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Latest News and Commentary

  • A Venezuelan refugee with his daughter on his shoulders asks for help at a traffic light in Medellin, Colombia, February 11, 2019, photo by David Himbert/Hans Lucas via Reuters Connect

    Commentary

    Colombia's Trailblazing Model for Refugees

    Colombia recently announced it will give temporary protection status to a million undocumented Venezuelan refugees, with permission to live and work in the country for 10 years. In doing so, it created a new model for managing its own refugee situation and perhaps others elsewhere.

    Mar 26, 2021

  • Blog

    Supporting Asian Americans, U.S. Gun Policy, Climate Migrants: RAND Weekly Recap

    This weekly recap focuses on how to support Asian Americans, the U.S. gun policy debate, the education “arms race,” and more.

    Mar 26, 2021

  • A traffic jam on the 5 freeway heading south in Orange County, California, photo by MCCAIG/Getty Images

    Commentary

    Navigating Speed Bumps to a Possible Federal Vehicle Miles Traveled Fee

    It's been clear for years that the gas tax has been losing its ability to pay for America's existing roads and bridges, let alone improvements and new construction. A vehicle miles traveled fee could provide a potential option for a 21st-century transportation funding system.

    Mar 26, 2021

  • Army Sgt. 1st Class Cory Christiansen, a member of the Para-Commandos, U.S. Special Operations Command’s parachute team, jumps out of an HC-130J Combat King II aircraft over Nellis Air Force Base, Nev., Nov. 15, 2019, photo by Air Force Airman 1st Class Dwane Young/U.S. Department of Defense

    Testimony

    Special Operations Forces Culture and Climate

    What the nation asks of its special operations forces shapes who they are and what they do. Two decades of counterterrorism focus have led to an unbalanced and overused force. How can policymakers and military leaders rebalance the force to meet changing demands and address systemic issues such as its lack of diversity?

    Mar 26, 2021

  • L-R: Bahrain Foreign Minister Dr. Abdullatif bin Rashid Al Zayani, Israeli Prime Minister Benjamin Netanyahu, U.S. President Donald Trump, and UAE Minister of Foreign Affairs and International Cooperation, Sheikh Abdullah bin Zayed Al Nahyan at the Abraham Accords signing ceremony at the White House in Washington, D.C., September 15, 2020, photo by Gripas Yuri/ABACA/Reuters

    Commentary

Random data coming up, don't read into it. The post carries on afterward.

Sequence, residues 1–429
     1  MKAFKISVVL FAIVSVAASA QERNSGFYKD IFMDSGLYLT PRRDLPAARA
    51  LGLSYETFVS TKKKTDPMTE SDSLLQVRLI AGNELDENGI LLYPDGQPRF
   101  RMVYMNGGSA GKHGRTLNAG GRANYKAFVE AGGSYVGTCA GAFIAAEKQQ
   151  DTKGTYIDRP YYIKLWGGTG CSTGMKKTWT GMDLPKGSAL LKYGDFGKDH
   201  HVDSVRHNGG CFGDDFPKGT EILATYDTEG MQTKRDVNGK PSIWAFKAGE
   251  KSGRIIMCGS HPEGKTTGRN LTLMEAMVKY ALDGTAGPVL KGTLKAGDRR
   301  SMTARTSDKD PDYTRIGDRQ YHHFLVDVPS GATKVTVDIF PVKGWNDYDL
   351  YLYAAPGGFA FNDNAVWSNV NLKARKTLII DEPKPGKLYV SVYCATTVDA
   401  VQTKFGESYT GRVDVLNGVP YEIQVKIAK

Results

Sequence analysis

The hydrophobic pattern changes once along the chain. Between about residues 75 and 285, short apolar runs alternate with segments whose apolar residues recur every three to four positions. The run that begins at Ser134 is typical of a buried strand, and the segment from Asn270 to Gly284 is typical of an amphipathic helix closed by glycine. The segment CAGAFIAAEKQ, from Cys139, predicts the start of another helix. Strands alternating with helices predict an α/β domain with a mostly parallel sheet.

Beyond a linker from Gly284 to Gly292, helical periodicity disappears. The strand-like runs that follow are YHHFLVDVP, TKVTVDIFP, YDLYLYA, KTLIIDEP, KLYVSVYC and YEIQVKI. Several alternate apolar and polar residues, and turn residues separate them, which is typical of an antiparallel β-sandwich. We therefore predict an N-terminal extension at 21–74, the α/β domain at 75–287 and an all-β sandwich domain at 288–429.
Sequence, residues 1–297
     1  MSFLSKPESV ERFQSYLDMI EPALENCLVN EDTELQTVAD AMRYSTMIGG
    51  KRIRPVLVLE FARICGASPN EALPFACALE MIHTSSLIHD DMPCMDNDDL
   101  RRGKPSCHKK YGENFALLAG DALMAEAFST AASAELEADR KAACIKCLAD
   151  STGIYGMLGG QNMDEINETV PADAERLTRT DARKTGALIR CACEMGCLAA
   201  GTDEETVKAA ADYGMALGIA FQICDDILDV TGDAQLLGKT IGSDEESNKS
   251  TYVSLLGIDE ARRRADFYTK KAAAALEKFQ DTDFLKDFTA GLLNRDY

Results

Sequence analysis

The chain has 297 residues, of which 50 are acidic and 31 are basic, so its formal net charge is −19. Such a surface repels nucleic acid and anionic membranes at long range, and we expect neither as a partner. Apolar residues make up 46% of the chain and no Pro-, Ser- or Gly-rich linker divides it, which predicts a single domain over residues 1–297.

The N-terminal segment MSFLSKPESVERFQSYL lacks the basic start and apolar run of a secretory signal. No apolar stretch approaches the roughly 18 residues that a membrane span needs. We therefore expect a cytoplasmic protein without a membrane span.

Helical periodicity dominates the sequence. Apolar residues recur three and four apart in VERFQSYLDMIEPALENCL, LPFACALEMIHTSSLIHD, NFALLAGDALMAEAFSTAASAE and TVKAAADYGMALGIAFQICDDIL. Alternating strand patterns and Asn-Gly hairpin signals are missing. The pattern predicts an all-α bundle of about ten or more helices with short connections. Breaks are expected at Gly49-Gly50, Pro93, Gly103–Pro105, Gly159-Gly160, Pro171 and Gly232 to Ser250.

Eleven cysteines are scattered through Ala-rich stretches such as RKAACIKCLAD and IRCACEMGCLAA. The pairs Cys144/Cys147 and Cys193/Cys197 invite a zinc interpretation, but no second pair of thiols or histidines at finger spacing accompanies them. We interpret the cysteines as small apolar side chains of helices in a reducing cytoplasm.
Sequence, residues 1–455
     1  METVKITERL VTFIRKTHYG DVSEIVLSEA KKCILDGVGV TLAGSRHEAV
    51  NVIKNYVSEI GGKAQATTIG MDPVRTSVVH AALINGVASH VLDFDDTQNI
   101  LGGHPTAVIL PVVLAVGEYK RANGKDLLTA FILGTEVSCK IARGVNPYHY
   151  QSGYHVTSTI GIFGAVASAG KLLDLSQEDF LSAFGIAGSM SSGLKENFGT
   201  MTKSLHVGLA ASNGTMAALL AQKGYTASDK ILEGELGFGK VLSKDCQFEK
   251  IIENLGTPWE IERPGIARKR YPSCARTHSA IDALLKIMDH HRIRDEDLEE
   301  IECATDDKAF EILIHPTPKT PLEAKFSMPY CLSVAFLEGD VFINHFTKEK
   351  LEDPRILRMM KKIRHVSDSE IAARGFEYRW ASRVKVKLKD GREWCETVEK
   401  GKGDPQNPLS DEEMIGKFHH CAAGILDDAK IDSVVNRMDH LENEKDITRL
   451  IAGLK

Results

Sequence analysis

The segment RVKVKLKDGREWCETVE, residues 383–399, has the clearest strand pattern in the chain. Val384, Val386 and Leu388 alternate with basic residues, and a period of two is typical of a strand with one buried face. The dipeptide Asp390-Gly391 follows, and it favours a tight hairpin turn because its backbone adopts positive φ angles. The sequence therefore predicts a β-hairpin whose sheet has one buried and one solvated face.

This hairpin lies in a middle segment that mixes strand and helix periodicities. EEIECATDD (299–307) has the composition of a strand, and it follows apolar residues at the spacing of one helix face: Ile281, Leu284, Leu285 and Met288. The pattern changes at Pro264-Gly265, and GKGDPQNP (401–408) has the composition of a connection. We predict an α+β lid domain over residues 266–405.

Abraham Accords Offer Historic Opportunity to Spur Mideast Growth

    The Abraham Accords have heralded a dramatic shift in the relationship between Israel and the Muslim nations of the world. While these accords represent a major political breakthrough, they also represent a possible new chapter in the region's development: away from conflict and toward a shared economic vision of prosperity.

    Mar 25, 2021

  • Hawaiian Electric contractors deliver six 159-ton generators to the 50-megawatt power plant being constructed at Schofield Barracks, Hawaii, July 20, 2017, photo courtesy of Hawaiian Electric Company via U.S. Defense Department

    Commentary

    The Pentagon Could Help Improve Resilience of the U.S. Electric Grid

    The resilience and robustness of the U.S. electric grid needs to be improved, especially given the likely increased occurrence and magnitude of natural disasters due to climate change. This is where government entities that operate large facilities in the United States, such as the Department of Defense, can potentially play a role.

    Mar 25, 2021

  • Media Advisory

    Media Advisory

    RAND Expert to Testify About Special Operations Forces Culture and Climate

    Linda Robinson, director of the Center for Middle East Public Policy and a senior international/defense researcher at the RAND Corporation, will testify before a House Armed Services Subcommittee on Intelligence and Special Operations' hearing on “Special Operations Forces Culture and Climate: The Future of the Force.”

    Mar 24, 2021

  • Men hold flowers during a vigil at a makeshift memorial outside the Gold Spa following the deadly shootings in Atlanta, Georgia, March 21, 2021, photo by Shannon Stapleton/Reuters

    Commentary

    Asian American Lives and Livelihoods Don't Just Deserve Our Qualified Support

    Racism against Asian Americans is deeply rooted in the history of the United States. Enduring stereotypes about and bias towards Asian Americans, as well as lack of concern about them, have had long-standing harm on Asian American lives and livelihoods. What can the Asian American community and its allies do?

    Mar 22, 2021

  • Radiology tech preparing a patient for a mammogram, photo by AleksandarNakic/Getty Images

    News Release

    Use of Common Cancer Screenings Rebounded Quickly After Dropping at Start of the Pandemic

    Screenings for breast cancer and colon cancer dropped dramatically during the early months of the coronavirus pandemic, but use of the procedures returned to near-normal levels by the end of July 2020.

    Mar 22, 2021

  • Blog

    Game Theory to Help the Vaccine Rollout, Abraham Accords, Telehealth: RAND Weekly Recap

    This weekly recap focuses on how game theory can help the COVID-19 vaccine rollout, potential economic benefits of the Abraham Accords, telemedicine use during the pandemic, and more.

    Mar 19, 2021

  • U.S. Soldiers with the 46th Military Police Company, Michigan National Guard, at the U.S. Capitol building in Washington, D.C., February 25, 2021, photo by 2nd Lt. Ashley Goodwin/U.S. Army National Guard

    Commentary

    The National Guard Can Do It, but That Doesn't Mean It's a Good Idea